Monday, March 5, 2012


Warning: this is not a strictly veterinary post

My mom and my dad both graduated from college. My dad and uncle were the first people in their family to do this while my mom and her siblings followed my maternal grandfather in getting a college education. My dad died suddenly when I was a teenager, so my mom raised my sister and me once it got to the pretty complicated stage (13 and 16, respectively). Education beyond high school, and even beyond college, was expected in our family.

When my mom, a very medically savvy and medically educated woman, married into a family of people with a pretty low educational background, it created a new job for her. I am in no way discounting intelligence: my step father does not have a college education but I consider him to be someone that is a genius in his own right. However, her in laws (my step grandparents) have an education that tops out at 8th grade. I think they had to drop step dad's mom because she had to take care of the other kids in the family and my step dad's father because he had to go to work to help with his family's bills. I don't think that the initial education was any great shakes either: think of a place where "You gotta a pretty mouth, boy" might be uttered. That is the kind of place I am talking about. My step grandmother can create a meal that will make you cry with joy. And Papaw is the kind of guy that can take parts from 20 different cars and build a vehicle that would make most people clap their hands with delight.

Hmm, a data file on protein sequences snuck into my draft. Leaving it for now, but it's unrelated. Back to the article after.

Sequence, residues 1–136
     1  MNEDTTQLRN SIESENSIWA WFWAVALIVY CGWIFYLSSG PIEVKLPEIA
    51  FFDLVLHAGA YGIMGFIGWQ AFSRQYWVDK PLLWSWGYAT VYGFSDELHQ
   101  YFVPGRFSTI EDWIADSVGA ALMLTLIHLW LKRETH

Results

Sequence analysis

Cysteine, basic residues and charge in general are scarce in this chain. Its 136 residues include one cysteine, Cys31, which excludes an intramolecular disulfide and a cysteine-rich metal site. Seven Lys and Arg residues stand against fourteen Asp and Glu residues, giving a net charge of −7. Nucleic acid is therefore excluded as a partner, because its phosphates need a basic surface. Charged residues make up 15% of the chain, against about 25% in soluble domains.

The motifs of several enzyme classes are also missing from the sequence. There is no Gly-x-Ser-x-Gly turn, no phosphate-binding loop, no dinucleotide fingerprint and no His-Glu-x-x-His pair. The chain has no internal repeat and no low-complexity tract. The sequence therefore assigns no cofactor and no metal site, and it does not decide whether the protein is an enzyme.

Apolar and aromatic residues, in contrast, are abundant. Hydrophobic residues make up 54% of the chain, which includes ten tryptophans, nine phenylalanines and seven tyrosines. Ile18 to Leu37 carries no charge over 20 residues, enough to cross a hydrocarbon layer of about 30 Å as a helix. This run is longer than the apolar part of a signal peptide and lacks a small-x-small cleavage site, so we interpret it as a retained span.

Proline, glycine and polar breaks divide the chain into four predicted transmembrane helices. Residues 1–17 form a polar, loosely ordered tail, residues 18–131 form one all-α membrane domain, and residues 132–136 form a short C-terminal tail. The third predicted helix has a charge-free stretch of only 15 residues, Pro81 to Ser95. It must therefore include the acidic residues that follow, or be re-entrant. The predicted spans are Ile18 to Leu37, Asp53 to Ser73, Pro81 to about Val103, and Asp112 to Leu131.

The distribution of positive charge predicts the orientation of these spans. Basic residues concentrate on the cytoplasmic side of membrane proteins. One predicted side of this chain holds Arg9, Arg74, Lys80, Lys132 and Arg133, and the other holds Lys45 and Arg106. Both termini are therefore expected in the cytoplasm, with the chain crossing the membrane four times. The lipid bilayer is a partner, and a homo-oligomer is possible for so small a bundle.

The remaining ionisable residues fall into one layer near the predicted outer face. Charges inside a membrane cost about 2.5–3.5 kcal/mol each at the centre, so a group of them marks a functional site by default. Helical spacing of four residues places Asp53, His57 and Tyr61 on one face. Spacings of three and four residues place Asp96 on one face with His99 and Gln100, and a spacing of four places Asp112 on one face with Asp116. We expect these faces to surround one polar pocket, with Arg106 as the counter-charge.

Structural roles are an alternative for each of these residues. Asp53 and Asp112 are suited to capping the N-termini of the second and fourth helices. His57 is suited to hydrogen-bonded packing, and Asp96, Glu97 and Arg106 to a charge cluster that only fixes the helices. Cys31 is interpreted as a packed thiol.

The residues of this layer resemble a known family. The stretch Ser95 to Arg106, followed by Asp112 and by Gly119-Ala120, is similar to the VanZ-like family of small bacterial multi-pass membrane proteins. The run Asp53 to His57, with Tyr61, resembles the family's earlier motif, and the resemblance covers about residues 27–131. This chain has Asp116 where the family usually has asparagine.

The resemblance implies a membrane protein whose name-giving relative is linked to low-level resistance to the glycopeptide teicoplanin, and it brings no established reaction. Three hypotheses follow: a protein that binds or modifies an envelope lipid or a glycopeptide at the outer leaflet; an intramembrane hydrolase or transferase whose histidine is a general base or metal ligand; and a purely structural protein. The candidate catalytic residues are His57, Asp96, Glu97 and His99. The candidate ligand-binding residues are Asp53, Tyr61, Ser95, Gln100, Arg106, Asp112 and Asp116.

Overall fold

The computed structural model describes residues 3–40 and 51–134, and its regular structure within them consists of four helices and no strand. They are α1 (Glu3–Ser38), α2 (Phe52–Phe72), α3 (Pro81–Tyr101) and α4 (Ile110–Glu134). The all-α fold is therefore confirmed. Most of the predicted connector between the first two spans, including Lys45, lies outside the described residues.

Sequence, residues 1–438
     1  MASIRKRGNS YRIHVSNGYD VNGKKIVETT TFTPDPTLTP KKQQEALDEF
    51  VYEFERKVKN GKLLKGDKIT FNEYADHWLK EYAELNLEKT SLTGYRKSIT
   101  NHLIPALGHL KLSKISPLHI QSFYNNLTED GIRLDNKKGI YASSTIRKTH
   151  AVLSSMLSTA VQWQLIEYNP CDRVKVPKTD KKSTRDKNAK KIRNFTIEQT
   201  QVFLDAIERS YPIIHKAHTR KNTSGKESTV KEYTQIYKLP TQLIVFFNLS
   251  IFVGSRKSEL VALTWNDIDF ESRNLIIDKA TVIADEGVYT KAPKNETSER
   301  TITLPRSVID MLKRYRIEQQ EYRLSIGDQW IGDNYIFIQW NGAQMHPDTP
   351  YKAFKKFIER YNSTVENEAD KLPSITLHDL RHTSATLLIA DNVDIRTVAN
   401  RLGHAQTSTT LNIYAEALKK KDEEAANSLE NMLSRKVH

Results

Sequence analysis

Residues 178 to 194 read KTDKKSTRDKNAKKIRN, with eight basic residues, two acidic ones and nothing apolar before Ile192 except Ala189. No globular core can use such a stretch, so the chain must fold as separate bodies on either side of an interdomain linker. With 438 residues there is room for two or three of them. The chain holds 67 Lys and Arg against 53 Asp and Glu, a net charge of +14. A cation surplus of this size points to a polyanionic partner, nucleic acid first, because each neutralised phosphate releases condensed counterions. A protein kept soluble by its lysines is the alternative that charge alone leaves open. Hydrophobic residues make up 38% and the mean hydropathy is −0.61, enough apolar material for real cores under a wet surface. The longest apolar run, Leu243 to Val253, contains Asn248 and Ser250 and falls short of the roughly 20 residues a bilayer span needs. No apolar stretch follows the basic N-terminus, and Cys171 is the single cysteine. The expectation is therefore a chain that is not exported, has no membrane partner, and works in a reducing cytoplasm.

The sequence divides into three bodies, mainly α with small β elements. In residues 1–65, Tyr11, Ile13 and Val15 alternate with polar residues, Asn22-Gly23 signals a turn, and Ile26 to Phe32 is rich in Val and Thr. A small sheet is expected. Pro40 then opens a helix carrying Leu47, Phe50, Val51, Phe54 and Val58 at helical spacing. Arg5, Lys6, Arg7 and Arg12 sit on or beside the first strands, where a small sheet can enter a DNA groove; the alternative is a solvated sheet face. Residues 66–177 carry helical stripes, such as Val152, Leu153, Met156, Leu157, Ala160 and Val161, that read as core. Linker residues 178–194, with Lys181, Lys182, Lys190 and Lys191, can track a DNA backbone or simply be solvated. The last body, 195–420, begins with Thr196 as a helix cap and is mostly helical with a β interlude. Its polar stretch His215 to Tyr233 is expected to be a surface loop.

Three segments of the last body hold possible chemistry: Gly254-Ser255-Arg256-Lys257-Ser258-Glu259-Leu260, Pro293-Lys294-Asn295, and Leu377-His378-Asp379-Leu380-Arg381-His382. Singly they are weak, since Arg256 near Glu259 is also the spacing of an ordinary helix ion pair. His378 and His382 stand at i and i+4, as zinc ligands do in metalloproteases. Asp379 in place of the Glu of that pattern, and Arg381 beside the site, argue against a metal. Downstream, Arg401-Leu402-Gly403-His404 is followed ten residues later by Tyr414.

However, my step grandparents have a distinct lack of understanding of biology. And a lack of ability to read with comprehension much better than my 6 year old daughter. So, my mother has become the person that reads everything from warranties for appliances to information about health. Which is fine with her...that is part of being a family.

A couple of days ago, Mamaw told my mom that her doctor told her she had "Flea-bite-us" but she had no idea how this could happen: she couldn't find any fleas. The answer was of course she doesn't have fleas...she has phlebitis. Now, since neither my mother nor I was there, I have no idea if the doctor explained what he meant. I don't know if he gave handouts (though my mom usually interprets this for the inlaws). However, I do think that it illustrates things that we can all take home.

As a vet, I always make sure that my clients have oral and written information on disease processes. I give actual handouts, I give internet addresses where clients can find "vetted" information. I have given out my phone number to some clients if I know we are going into a weekend and the patient has a serious problem. And other vets that follow this site, likely do similar things. If you are a vet and you are reading this and you don't do this, start. It is not very hard to link a diagnosis in your computer system to a blurb on something....hell, take it straight from Veterinary (please cite it). The Homeless Parrot in our side bar also has great information on diseases and terms.